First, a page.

Posted by: Greg Ness | July 19, 2008

The VMware versus Microsoft Smack Down: Perspectives Behind the Headlines

All eyes are on post-Greene VMware as it prepares to announce earnings on Tuesday and as analysts speculate about how much cleanup will be included in the results.  Yet I think the most important questions to be addressed in the upcoming quarterly earnings call will have more to do with VMware’s competitive response to Microsoft’s recent Hyper-V launch.

 

And who better than Paul Maritz to be at the helm during the critical questioning; he was, after all, a major player at Microsoft for fourteen years.  Diane Greene will certainly be missed.  Her legacy as one of the Valley’s most successful entrepreneurs won’t be tarnished by her abrupt exit.

 

As a preparation for the questioning I’ve included a series of Archimedius posts about the hypervisor smack down.  I’ve already seen some of my comments taken out of context to suggest that I’ve predicted a winner.  Hardly.  In the following posts from ARCHIMEDIUS I’ve talked about competitive positioning, strengths, weaknesses and recommendations.  It would be nuts to make a prediction this early.

 

Background Reading for the VMware Earnings Call

 

In How VMware could beat Microsoft I talk about the need for VMware to expand their data center footprint, differentiate ESX and monetize unique attributes.  This has been the most popular posting within the smack down theme, perhaps because VMware is perceived as an underdog, and readers are wondering what the company could possibly do to prevail.

 

In Microsoft vs. VMware: the New Battleground I talk about the early reactions to Hyper-V and the considerable new pressure that VMware will be facing as a result of Hyper-V and what that will mean for the virtualization category conversation.  It was posted on June 25, just days after the Hyper-V shipping announcement.

 

For the blogger who said that I predicted a VMware victory I offer How Hyper-V could beat VMware.  If VMware growth into the data center slows and they fail to differentiate, then Microsoft would have the closest thing possible to a welcoming party.  Microsoft could have time to tackle enough technical limits to data center virtualization and accelerate the process that VMware kicked off.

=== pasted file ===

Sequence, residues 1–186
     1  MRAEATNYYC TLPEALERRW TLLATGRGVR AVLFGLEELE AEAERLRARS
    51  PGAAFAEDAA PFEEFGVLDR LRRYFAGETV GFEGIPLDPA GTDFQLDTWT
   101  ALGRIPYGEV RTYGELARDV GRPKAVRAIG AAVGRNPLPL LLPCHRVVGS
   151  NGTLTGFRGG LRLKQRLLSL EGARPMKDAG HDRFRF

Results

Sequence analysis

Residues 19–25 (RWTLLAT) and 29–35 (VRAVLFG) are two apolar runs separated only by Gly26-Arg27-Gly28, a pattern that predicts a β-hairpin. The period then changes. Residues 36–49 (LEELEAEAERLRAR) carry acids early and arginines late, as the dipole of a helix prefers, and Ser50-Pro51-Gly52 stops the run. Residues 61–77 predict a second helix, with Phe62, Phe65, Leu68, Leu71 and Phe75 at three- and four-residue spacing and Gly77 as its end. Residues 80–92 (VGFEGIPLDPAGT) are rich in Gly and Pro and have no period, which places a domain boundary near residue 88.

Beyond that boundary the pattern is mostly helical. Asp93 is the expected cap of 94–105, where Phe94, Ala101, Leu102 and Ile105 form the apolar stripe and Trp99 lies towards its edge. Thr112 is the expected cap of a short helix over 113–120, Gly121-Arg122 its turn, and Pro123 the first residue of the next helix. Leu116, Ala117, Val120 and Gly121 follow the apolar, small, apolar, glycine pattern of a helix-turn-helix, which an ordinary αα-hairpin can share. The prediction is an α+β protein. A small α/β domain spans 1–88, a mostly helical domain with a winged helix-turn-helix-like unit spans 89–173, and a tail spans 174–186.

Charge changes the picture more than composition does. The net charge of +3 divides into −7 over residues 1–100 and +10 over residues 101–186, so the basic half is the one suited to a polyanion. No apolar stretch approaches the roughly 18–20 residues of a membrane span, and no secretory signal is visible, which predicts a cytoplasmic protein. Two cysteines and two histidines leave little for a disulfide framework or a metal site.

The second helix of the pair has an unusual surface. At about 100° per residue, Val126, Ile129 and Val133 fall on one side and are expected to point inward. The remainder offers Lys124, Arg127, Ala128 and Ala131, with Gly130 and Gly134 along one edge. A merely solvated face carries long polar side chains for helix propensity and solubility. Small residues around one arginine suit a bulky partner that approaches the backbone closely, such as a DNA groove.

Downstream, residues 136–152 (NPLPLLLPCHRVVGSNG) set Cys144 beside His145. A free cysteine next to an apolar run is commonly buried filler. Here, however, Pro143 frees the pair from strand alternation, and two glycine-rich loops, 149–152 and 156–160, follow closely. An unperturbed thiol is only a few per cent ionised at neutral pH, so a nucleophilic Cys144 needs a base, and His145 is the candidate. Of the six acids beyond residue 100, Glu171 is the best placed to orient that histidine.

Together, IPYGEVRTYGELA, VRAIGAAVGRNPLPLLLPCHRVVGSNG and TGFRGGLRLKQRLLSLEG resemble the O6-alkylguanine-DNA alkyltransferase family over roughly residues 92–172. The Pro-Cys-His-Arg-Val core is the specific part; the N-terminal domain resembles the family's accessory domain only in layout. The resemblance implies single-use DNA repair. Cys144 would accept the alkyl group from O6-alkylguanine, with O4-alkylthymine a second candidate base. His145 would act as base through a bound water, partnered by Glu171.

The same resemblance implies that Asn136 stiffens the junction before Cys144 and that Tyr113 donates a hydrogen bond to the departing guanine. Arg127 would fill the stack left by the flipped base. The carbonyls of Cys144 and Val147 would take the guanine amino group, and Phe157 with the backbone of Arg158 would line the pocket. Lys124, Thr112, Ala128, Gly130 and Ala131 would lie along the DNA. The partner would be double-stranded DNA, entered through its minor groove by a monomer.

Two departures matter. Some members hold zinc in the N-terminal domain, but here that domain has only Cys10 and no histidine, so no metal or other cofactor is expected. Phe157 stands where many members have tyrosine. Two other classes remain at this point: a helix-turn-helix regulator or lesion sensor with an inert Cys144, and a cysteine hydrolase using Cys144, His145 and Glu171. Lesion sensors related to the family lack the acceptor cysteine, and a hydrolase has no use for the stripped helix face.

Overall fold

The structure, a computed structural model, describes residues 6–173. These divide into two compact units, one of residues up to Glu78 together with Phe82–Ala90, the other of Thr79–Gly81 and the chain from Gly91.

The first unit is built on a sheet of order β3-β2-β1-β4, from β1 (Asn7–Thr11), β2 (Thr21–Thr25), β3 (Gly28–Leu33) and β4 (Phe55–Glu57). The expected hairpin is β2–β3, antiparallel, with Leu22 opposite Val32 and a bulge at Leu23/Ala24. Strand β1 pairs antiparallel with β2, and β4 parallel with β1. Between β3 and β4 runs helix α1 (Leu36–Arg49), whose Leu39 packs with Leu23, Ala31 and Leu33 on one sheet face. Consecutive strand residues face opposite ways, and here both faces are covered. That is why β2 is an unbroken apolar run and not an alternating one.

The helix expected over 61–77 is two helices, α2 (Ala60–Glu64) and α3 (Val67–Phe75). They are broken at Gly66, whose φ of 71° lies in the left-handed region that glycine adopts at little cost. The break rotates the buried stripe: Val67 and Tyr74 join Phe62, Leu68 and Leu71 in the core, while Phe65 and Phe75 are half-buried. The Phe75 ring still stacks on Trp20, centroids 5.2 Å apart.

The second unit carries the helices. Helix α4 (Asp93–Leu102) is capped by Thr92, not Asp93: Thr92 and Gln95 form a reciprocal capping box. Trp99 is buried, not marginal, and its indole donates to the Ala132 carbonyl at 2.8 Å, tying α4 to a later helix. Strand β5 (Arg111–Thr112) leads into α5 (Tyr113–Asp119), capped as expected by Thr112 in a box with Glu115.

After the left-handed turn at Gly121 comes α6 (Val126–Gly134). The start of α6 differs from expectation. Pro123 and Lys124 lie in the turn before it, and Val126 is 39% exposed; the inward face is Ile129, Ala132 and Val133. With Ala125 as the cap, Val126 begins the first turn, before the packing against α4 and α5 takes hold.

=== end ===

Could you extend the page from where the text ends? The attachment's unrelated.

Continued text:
Yet as I’ve blogged at Archimedius about cloud computing, Microsoft has a double-edged agenda.  Its end game may be virtualization as an extension of its domain, not as an enabler of software industry disruption.  For more on those implications you can read Google will unleash the Cannibals on Microsoft.

 

In a more recent post (Microsoft Unleashes the Cannibals) I talk about how larger and more established technology companies have used loss leader bundling in order to commoditize/cannibalize disruptive technologies.  Clearly that was at least part of what Microsoft is doing with Hyper-V pricing, etc.

 

For a perspective on the recent CEO change at VMware you can read Maritz replaces Greene.  Most certainly Microsoft’s entrance into the virtualization category had at least some role to play in Greene’s abrupt departure.  It seems a stretch to see it as a rare coincidence.

 

For a little more perspective into the dynamics of data center virtualization and how they may play out you can check out Virtualization-Lite, which is about VMware’s surge into the data center and its quick establishment of beach head deployments in major accounts.  Of course, I also suggest why VMware needs to continue its momentum beyond hypervisor VLAN deployments in order to prevail.  That outlook may prove to be prescient in 2009. VMware needs to tackle the virtualization barrier in order to move customers beyond VLAN spaghetti deployments.

 

VMware’s earnings call is July 22.  I hope the above selections from Archimedius give you a deeper perspective into the dynamics at play and how they may affect the outcome of the hypervisor smack down.

 

You can read my disclaimer at About Archimedius.

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